Home Politics Monitor Ursula von der Leyen, Antonio Costa and Kaja Kallas appointed to key EU positions
Politics Monitor

Ursula von der Leyen, Antonio Costa and Kaja Kallas appointed to key EU positions

EU leaders meeting at a summit agreed on Thursday 27 June to grant Ursula von der Leyen a second term as head of the Commission and to entrust European diplomacy to a strong voice on Ukraine, Estonian Kaja Kallas.

This agreement on key EU positions was quickly concluded, despite strong resistance from Italy’s Giorgia Meloni and Hungary’s Viktor Orban.

The reappointment of Ursula von der Leyen will have to be confirmed by an absolute majority of MEPs: “There is still one step […]. I will seek the approval of the European Parliament after presenting my political roadmap for the next five years,” insisted the German conservative leader.

The outcome of this vote, expected in mid-July, is uncertain, with the usual coalition of conservative, socialist and liberal MEPs weakened following the June elections.

To embody the face of EU diplomacy against the backdrop of the war in Ukraine, the heads of state and government have chosen Estonian Prime Minister Kaja Kallas – a determined opponent of the Kremlin. This 47-year-old liberal will succeed the Spaniard Josep Borrell.

“This is an enormous responsibility in these times of geopolitical tensions, with the war in Europe, the growing instability in our neighbourhood, as the main challenges”, reacted Kaja Kallas, whose position will also have to be validated by MEPs. “Kaja Kallas understands the risks coming from Russia and Belarus”, welcomed the head of the Polish government Donald Tusk.

Finally, the former Portuguese Prime Minister Antonio Costa was appointed new President of the European Council, the body bringing together the Member States. A year after his resignation over a corruption case that was ultimately poorly supported, this socialist known for being a skilled tactician and pragmatist will succeed the Belgian Charles Michel in December.

“Very quick decision”
These three candidates were the clear favourites following the agreement reached on Tuesday between six European leaders – including France’s Emmanuel Macron and Germany’s Olaf Scholz – belonging to the right-wing/social-democrat/centrist “grand coalition”, in the wake of the European elections.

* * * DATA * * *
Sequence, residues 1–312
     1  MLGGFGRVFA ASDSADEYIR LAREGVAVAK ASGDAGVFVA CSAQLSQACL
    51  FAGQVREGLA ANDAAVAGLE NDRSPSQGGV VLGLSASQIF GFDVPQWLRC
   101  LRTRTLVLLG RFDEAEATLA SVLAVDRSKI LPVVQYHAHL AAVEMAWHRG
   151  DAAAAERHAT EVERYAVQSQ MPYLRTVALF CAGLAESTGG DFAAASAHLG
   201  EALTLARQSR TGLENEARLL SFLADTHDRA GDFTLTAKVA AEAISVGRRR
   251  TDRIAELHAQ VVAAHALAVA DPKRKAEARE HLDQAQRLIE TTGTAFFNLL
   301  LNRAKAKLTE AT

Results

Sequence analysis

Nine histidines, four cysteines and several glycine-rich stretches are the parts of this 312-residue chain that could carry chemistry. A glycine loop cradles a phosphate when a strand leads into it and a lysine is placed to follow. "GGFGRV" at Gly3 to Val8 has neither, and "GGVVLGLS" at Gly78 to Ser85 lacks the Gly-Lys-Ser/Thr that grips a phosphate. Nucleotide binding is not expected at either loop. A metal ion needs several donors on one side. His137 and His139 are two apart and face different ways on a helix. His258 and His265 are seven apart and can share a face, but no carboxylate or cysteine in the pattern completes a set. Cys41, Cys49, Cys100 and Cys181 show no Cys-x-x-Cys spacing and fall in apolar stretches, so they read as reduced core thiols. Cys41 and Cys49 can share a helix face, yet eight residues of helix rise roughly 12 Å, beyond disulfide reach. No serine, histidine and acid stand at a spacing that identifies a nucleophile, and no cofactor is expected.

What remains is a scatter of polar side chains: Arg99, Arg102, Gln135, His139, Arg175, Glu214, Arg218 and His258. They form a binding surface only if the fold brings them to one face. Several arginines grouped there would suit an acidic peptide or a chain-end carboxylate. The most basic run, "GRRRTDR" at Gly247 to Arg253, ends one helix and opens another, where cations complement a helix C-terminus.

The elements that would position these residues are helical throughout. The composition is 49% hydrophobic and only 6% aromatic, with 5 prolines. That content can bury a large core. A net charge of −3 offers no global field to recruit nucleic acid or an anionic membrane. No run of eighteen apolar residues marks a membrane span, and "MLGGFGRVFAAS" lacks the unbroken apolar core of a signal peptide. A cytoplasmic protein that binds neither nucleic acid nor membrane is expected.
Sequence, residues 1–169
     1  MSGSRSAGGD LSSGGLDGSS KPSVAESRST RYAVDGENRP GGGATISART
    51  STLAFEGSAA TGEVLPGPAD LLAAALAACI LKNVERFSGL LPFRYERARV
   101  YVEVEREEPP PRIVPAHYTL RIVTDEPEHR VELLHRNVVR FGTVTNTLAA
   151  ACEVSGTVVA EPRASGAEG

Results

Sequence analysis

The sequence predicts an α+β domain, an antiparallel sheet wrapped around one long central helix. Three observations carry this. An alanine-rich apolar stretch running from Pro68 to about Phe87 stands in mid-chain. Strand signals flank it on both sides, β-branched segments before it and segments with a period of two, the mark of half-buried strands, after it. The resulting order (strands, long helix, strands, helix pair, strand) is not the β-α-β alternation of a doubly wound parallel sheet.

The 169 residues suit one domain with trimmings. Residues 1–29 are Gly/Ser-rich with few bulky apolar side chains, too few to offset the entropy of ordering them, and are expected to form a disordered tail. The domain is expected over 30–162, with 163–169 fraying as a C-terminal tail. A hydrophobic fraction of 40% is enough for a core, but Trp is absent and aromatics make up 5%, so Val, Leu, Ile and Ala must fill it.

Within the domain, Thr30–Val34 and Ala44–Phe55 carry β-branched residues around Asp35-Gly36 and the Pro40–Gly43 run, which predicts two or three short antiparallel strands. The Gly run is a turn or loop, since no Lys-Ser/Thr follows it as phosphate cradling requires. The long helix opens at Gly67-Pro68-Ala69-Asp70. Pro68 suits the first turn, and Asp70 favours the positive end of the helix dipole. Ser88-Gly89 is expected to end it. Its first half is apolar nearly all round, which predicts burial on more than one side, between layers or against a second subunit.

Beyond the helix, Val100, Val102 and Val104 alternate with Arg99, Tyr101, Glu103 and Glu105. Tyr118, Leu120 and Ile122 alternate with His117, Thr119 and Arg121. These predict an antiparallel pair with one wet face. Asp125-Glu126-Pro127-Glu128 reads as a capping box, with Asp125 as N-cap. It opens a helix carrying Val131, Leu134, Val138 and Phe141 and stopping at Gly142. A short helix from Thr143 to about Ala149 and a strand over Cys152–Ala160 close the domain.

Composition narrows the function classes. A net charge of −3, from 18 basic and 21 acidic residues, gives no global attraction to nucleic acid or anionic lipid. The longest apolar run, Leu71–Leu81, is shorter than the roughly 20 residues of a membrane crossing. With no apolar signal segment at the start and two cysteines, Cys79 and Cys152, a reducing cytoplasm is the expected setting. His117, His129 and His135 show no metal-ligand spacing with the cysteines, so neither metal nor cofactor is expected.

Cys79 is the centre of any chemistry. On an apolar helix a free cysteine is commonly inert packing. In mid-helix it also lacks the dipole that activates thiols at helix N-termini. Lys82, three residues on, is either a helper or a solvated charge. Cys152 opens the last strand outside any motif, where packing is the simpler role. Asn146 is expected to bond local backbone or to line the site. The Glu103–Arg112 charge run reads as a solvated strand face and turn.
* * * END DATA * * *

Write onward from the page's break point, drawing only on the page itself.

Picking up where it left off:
Olaf Scholz welcomed on Thursday “a very quick and forward-looking decision”, in contrast to the laborious designation process that tore the Twenty-Seven apart five years ago.

However, the Hungarian nationalist Prime Minister, Viktor Orban, on Thursday castigated a “shameful” arrangement: “European voters have been deceived. [The traditional right] has formed a coalition of lies with the left and the liberals”, he had raged upon arriving at the summit.

The head of the ultra-conservative Italian government, Giorgia Meloni, had denounced an “oligarchy”, deploring having been left out of the negotiations between the three political groups. “Their proposal is wrong in method and substance. I decided not to support it, out of respect for the citizens and the signal they have in the European elections” in June, she snapped at the end of the summit. She abstained, according to a diplomatic source.

However, many leaders had shown themselves keen to spare her: if her support was not necessary – unanimity was not required – politically her voice counts. “I think there was a broad consensus, and I am sure that a way will be [found] later: I totally respect the position of Giorgia Meloni, who represents an important country,” Emmanuel Macron stressed.

Orban’s hopes
Like Viktor Orban, Giorgia Meloni intends to weigh more heavily on the choices of the future executive in Brussels, following the rise of the radical and extreme right during the European elections this month. The Italian leader’s ECR group has snatched third place from French President Emmanuel Macron’s centrist family in the European Parliament.

Rome is demanding “at the very least” a vice-presidency of the European Commission, with a “significant portfolio” to influence industrial and agricultural policy, according to its Foreign Minister Antonio Tajani.

This meeting of the Twenty-Seven was held three days before early legislative elections in France, in which the National Rally (far right) is widely expected to lead. When asked whether this election “cast a shadow” on the EU, Viktor Orban considered that on the contrary it brought a “ray of sunshine”, believing that “great things can happen [in France] on Sunday”.

For his part, Emmanuel Macron announced during a meeting with his liberal allies his wish to reappoint Thierry Breton as French member of the Commission, according to European sources. Since 2019, he has been Commissioner for the Internal Market, a vast portfolio that includes digital technology and industry.

The leaders of the Twenty-Seven also endorsed on Thursday the “strategic agenda” setting the bloc’s priorities for the next five years, emphasizing security, defense, competitiveness and the fight against irregular immigration.

Among other key EU posts, Maltese conservative Roberta Metsola appears to be the favourite to win a second two-and-a-half-year term as president of the European Parliament in Strasbourg in mid-July.

This article is originally published on france24.com

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